Abolition of EMA ‘will lead to a devastating drop in young people staying in education’

Placards held aloft on the NUS/TUC march in Manchester in January
Placards held aloft on the NUS/TUC march in Manchester in January

NINETY-THREE per cent of college principals are concerned that the abolition of the education maintenance allowance (EMA) will lead to a devastating drop in young people staying in education, according to a Unison and UCU survey.

On Wednesday, the day the latest unemployment figures were released, a survey of more than 100 principals revealed the real picture of the Government’s savage cuts agenda.

The government is also axing fee remission for many people, which currently gives free tuition to adult learners on means-tested benefits and to their dependents.

The most deprived areas in England face a double whammy of cuts, as the areas where a high percentage of young people receive the EMA are often the areas that have the highest number of adult students receiving fee remissions.

Dave Prentis, Unison General Secretary, said: ‘This is a warning shot to the government straight from college principals’ mouths – cutting the EMA and axing free tuition for people on benefits will cause huge damage to colleges and students.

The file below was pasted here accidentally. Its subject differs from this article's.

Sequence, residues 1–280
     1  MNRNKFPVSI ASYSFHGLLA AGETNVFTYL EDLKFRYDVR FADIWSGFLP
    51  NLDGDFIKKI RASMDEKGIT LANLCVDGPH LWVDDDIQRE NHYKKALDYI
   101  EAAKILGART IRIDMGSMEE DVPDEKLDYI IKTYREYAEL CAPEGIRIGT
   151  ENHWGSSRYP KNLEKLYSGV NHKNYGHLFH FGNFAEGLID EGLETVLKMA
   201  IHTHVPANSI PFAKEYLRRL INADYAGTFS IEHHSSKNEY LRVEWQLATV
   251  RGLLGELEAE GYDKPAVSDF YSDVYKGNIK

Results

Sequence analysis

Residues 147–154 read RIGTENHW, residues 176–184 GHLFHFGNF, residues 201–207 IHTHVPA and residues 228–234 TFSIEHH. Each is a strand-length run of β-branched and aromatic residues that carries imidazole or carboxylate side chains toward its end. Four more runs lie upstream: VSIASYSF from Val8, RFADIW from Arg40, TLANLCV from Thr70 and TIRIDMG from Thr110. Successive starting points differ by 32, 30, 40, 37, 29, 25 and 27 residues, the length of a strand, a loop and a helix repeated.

‘In advance of the budget, we are calling on the government to come clean on the hidden cost of axing the EMA scheme.

‘Capita, the private company that runs the scheme, has a contract until August 2013 worth £68 million, but the EMA is being scrapped this summer.

‘The government must realise that this is a vital lifeline – without the EMA many students will be unable to buy food, books, or travel to college.

‘We have been overwhelmed with concerned parents, students and staff contacting us about further education funding cuts and now principals have revealed their fears.

‘The government must rethink their savage plan, or millions of young people and their families will be left facing a bleak future.’

UCU General Secretary, Sally Hunt, said: ‘This survey pours yet more cold water on ministers’ hurried and incorrect conclusion that the EMA was not a vital lifeline for thousands of students.